This brings me to my second complaint
2) Requirements are documents that are written and must be handed off.
(People dont know how to write)(Have you ever tried to argue with a document?)
Which leads to
3) Requirements arent gathered they evolve.
We we act like we dont know this, we have two possibilities:A) The project freezes the requirements on a two year project. In that case, at best, the team delvers not what the customer needs, but what the customer thought they needed two years ago.B) The customer is allowed to change the requirements mid-stream without changing the date. Which is means overtime and burnout at best.
The solution is to break the project into a series of mini-projects each a phase have the customer work with the project team deliver working software periodically, and allow the customer to adjust after each phase.
Its a lot easier to tell where you are and how to adjust on a one-month project than a one-year project. Also, when the customer changes his mind, he has a conscious knowledge of what he is doing; he sees the features that he chooses not to fund fall to the floor. Eventually, the customer may say things like You see feature #11 from the first meeting? Its been four phases and weve never done that. Its too expensive, and now that we have features 16, 21, and 23, we dont even need it. Lets stop talking about it can we take it off the list?
At the point, youve won.
Risk Management Strategy #4 Evolve Requirements through phasesIf the customer said 60 dollars? 60 dollars? I dont know about that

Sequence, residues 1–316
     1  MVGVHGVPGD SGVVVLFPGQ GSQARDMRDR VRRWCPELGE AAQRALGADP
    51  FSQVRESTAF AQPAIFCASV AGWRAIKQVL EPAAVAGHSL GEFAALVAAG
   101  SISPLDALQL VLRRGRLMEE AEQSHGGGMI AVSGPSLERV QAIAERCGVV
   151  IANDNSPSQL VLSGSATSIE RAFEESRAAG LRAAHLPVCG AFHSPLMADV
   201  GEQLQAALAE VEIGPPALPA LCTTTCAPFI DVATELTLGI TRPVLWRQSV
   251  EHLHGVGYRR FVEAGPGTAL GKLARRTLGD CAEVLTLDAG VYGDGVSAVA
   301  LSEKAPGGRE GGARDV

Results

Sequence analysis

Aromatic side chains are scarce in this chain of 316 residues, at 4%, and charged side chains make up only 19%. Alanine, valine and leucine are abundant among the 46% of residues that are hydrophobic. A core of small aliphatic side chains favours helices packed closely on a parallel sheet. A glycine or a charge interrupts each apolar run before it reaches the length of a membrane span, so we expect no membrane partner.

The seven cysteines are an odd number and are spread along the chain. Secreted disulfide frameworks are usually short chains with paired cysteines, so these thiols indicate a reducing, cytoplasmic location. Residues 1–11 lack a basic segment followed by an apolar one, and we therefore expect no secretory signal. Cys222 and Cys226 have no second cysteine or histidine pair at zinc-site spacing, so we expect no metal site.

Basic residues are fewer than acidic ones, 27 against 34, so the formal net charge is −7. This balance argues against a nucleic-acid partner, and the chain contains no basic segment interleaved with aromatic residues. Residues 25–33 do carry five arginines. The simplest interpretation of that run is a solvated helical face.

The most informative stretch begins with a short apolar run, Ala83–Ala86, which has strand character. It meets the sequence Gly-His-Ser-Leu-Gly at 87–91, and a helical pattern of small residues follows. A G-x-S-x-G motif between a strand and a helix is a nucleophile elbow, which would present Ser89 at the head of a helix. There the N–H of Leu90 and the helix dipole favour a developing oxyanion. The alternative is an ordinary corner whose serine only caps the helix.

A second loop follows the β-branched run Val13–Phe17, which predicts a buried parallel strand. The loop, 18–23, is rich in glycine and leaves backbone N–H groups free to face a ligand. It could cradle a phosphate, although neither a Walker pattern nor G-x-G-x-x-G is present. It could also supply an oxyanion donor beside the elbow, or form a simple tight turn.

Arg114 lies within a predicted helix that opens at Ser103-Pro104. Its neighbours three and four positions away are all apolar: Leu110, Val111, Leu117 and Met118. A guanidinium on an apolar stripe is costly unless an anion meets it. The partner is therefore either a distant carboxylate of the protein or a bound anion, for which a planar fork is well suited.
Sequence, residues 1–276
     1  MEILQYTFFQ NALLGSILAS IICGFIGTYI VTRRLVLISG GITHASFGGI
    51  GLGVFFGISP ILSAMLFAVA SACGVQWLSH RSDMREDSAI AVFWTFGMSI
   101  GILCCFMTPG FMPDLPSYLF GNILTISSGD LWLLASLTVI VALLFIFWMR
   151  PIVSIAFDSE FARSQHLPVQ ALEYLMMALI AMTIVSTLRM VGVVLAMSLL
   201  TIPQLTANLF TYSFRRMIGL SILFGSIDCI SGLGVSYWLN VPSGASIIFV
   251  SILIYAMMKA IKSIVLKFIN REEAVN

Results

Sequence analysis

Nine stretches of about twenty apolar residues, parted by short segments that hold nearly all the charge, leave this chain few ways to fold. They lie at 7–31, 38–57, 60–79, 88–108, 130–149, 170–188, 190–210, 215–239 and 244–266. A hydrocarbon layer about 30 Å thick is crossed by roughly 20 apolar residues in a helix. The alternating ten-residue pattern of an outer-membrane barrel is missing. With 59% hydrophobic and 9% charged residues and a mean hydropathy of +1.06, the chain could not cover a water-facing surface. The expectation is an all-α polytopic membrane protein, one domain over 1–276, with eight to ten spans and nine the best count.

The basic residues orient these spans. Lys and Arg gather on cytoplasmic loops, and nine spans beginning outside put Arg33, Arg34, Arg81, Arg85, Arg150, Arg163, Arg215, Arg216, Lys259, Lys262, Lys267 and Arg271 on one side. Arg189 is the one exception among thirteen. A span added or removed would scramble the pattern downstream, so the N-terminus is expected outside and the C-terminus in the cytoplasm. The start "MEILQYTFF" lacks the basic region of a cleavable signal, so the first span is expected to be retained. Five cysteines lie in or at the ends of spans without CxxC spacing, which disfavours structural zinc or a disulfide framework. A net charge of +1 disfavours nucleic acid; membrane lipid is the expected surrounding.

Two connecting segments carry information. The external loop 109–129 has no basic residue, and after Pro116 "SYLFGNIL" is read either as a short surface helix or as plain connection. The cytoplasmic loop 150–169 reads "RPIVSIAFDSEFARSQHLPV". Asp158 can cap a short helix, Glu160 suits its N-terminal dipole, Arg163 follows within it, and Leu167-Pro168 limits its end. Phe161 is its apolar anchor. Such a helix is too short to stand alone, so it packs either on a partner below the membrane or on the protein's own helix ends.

The grocer would say Well, sir, you can take some things out of the bag, pay the full price or shop somewhere else.
In Software Development, we say, Well, if we work really hard, maybe we can give it to you for forty.
Now, imagine that the customer goes through the line, is ready to checkout, and asks for two candy bars. The grocer replies what? Of course you can have it and its going to cost you.
Not No Requirements freeze. Thats no good.Not Yes Ill eat the cost myself and just work some overtime.
Yes, and Itll cost you. If you want to pay less, youll have to take something out of the bag or shop elsewhere.
Again, in development, we say No, or, more often Yes
What does it lead the customer to think of us? That we are padding our estimates, or that they have to Motivate us (in the Darth Vader Sense)
What will this encourage the customer to do on the next project? Negotiate schedule. We think the project will take ten months, they negotiate us down to six, it ends up taking nine and a half and we are late.
SHAME ON US. This isnt a problem with the customer; its our problem. We fail to set clear boundaries.
To protect yourself from personal abuse, set clear boundaries and be aware of them.
Thats hard it can be painful the first time. Then again, think about the alternatives.Alternatives protect against operational riskCritical Chair protects against schedule riskTesters as advisors protects against expectation gapsEvolutionary requirements protect against requirements riskSetting clear boundaries protect us from ourselves
--- Of course, giving this talk is a lot easier than going out and doing it. Many of you know my goal in one of these talks to have a little fun and teach something practical. This time, Im going for something more the hope that on a future project, at least one person will not have to choose between having a happy project and a happy life.
If Ive done that, well, I hope you can agree, that is real success.Anything by Weinberg++